Katie Pavlich
Late last year, New York City Mayor and billionaire Michael Bloomberg launched a super PAC to counter the National Rifle Association when it comes to elections. Since new gun control measures failed in the Senate in April, Bloomberg has been out for blood running ads against Democrats who didn't vote for those measures. But it turns out, Bloomberg's efforts to unseat anti-gun control Democrats are backfiring.

Of the 35 Senate seats up for grabs in 2014, the 10 most contested battles come in mostly rural, conservative-leaning states such as Montana, West Virginia, Alaska and Arkansas, and nine of them are held by Democrats. Every Republican up for reelection in 2014, including the top GOP leaders, Sens. Mitch McConnell (Ky.) and John Cornyn (Tex.), have demonstrated that their biggest political fear is a primary challenge from the right, making them much more receptive to supporting the NRA’s position.

With parents of the young Newtown victims providing emotional reminders of the shooting for lawmakers Wednesday, one of their most high-profile political allies, New York Mayor Michael R. Bloomberg (I), adopted sharper tactics, urging thousands of his city’s top political donors to withhold donations from four Senate Democrats who voted against the gun bill.

In a letter to more than 1,000 donors, Bloomberg called out the four Democrats — Sens. Max Baucus (Mont.), Mark Begich (Alaska), Heidi Heitkamp (N.D.) and Mark Pryor (Ark.). “Instead of rising above politics to pass a law that would save lives,” he wrote, the four senators “sided with a gun lobby increasingly out of touch with Americans’ priorities.”

“The next time these four Senators want you to support them with donations to their campaigns, tell them you cannot,” Bloomberg wrote.

By asking campaign donors to withhold funds, the deep-pocketed mayor went against the will of his congressional Democratic allies, who tried but failed to secure enough GOP support for the gun bill and have warned that public criticism of vulnerable Democrats who voted against the bill will result in Republican gains and less of a chance to enact new gun laws.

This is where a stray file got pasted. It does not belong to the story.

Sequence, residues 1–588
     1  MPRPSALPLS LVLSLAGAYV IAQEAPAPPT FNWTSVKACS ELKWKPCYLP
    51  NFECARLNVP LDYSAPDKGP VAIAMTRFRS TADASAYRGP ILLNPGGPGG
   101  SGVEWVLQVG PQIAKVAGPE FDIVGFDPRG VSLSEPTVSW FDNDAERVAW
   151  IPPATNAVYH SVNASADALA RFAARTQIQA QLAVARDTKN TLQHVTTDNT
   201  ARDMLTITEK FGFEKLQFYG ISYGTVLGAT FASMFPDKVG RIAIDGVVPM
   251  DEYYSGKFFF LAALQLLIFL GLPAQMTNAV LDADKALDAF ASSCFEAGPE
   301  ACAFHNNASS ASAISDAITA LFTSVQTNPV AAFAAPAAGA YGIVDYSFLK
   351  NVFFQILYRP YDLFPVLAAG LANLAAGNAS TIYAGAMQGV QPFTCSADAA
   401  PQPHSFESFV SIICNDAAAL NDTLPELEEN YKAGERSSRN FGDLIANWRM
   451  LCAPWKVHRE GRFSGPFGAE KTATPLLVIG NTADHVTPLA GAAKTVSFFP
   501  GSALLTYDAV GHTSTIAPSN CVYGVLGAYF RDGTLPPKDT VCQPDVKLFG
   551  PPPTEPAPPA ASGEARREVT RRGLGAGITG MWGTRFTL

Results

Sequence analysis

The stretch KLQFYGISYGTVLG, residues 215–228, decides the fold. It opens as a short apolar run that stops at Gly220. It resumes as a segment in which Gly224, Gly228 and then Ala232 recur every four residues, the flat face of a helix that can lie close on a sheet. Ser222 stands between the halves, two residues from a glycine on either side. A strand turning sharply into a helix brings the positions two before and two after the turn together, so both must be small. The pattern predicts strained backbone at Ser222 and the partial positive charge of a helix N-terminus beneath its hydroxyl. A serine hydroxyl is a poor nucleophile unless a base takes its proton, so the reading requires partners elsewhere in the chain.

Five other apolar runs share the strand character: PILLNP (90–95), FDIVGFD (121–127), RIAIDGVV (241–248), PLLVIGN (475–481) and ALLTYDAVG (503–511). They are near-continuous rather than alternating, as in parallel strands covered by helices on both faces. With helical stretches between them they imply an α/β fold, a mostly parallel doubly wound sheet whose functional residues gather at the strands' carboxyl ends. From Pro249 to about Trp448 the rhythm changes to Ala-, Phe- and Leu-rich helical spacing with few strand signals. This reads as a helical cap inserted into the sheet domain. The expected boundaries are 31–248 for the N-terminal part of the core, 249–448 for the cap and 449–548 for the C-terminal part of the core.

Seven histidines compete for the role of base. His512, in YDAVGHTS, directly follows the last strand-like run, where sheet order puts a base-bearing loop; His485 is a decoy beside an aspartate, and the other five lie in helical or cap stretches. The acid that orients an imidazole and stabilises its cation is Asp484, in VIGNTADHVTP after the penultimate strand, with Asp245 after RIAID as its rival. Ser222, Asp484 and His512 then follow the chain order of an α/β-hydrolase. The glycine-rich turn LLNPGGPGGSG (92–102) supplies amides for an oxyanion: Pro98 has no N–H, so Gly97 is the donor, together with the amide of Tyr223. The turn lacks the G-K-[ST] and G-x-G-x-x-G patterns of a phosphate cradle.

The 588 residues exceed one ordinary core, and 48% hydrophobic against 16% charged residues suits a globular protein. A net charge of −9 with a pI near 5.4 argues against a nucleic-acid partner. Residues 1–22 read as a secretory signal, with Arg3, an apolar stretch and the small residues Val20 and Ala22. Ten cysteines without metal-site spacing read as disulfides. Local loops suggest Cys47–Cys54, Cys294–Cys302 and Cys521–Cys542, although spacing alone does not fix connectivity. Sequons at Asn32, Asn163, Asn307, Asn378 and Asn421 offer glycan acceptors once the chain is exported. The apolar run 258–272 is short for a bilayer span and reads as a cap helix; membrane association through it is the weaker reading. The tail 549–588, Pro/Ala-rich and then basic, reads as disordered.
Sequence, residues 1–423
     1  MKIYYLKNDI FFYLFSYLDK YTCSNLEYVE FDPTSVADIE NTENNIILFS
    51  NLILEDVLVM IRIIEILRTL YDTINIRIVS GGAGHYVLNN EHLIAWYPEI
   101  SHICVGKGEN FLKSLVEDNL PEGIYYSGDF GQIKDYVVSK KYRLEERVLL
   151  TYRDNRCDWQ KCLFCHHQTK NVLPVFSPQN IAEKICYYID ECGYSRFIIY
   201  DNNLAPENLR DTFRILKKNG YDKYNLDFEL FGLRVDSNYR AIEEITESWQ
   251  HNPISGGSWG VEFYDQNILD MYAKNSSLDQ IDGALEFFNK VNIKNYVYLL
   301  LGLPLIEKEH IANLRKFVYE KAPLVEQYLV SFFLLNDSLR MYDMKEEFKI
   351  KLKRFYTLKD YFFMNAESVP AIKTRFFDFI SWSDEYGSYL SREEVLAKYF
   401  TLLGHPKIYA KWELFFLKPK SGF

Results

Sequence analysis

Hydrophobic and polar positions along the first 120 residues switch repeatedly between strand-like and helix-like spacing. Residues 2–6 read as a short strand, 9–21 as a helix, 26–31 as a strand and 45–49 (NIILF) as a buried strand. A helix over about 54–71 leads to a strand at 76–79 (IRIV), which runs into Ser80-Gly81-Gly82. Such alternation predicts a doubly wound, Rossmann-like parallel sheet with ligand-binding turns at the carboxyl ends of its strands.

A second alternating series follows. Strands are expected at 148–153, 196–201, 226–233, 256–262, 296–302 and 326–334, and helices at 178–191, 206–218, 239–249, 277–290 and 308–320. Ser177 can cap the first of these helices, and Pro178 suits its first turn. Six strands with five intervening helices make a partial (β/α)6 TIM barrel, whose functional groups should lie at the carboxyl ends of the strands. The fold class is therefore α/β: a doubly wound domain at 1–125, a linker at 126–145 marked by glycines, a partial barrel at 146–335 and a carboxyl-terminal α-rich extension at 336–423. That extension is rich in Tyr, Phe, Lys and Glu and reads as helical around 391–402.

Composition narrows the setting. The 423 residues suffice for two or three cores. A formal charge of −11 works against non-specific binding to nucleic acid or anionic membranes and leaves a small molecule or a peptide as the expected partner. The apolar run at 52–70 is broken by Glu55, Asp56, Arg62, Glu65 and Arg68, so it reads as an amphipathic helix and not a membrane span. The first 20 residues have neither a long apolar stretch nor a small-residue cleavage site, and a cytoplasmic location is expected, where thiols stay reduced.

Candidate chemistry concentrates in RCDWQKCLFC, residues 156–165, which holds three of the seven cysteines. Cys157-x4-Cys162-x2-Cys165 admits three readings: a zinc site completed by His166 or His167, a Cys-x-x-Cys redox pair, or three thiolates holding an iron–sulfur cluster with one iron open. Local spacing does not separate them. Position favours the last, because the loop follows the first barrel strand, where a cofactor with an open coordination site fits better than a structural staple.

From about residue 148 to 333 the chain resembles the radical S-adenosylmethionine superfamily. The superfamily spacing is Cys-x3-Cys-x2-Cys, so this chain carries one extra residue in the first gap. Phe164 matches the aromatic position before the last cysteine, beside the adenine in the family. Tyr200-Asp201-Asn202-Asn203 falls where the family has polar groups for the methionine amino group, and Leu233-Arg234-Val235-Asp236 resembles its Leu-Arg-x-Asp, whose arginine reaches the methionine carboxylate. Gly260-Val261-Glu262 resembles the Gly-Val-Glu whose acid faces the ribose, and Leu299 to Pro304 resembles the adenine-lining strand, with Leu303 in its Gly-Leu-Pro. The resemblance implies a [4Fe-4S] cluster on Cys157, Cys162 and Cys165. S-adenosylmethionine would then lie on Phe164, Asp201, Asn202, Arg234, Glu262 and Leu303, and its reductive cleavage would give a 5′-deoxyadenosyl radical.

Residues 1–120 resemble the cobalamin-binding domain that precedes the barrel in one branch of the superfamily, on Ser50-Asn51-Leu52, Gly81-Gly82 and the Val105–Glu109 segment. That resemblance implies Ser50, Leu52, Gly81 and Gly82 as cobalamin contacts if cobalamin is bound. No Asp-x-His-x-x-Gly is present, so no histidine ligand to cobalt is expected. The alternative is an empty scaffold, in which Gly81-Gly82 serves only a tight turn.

Since the bill’s defeat in April, Bloomberg’s anti-gun group, Mayors Against Illegal Guns, has spent hundreds of thousands of dollars targeting senators of both parties for voting against the measure. A group founded by former congresswoman Gabrielle Giffords (D-Ariz.) — who was severely wounded in a January 2011 shooting — also has raised millions of dollars as it airs radio and television ads.
And the punch to the gut comes from fellow New Yorker Chuck Schumer.

Speaking to Time magazine, Schumer suggests Bloomberg’s targeting of pro-gun Democrats for their votes against gun-control legislation is unproductive.

“Frankly, I don’t think Bloomberg’s ads are effective,” Schumer said. “The Mayor of New York City putting ads against people in red states is not going to be effective.”
There's a reason Obama didn't run on gun control in 2008 or 2012. It's a losing issue especially for Democrats in red states, something Bloomberg is learning the hard way.

Katie Pavlich

Katie Pavlich is the Editor at Townhall.com. Follow her on Twitter @katiepavlich. She is a New York Times Best Selling author. Her latest book Assault and Flattery: The Truth About the Left and Their War on Women, was published on July 8, 2014.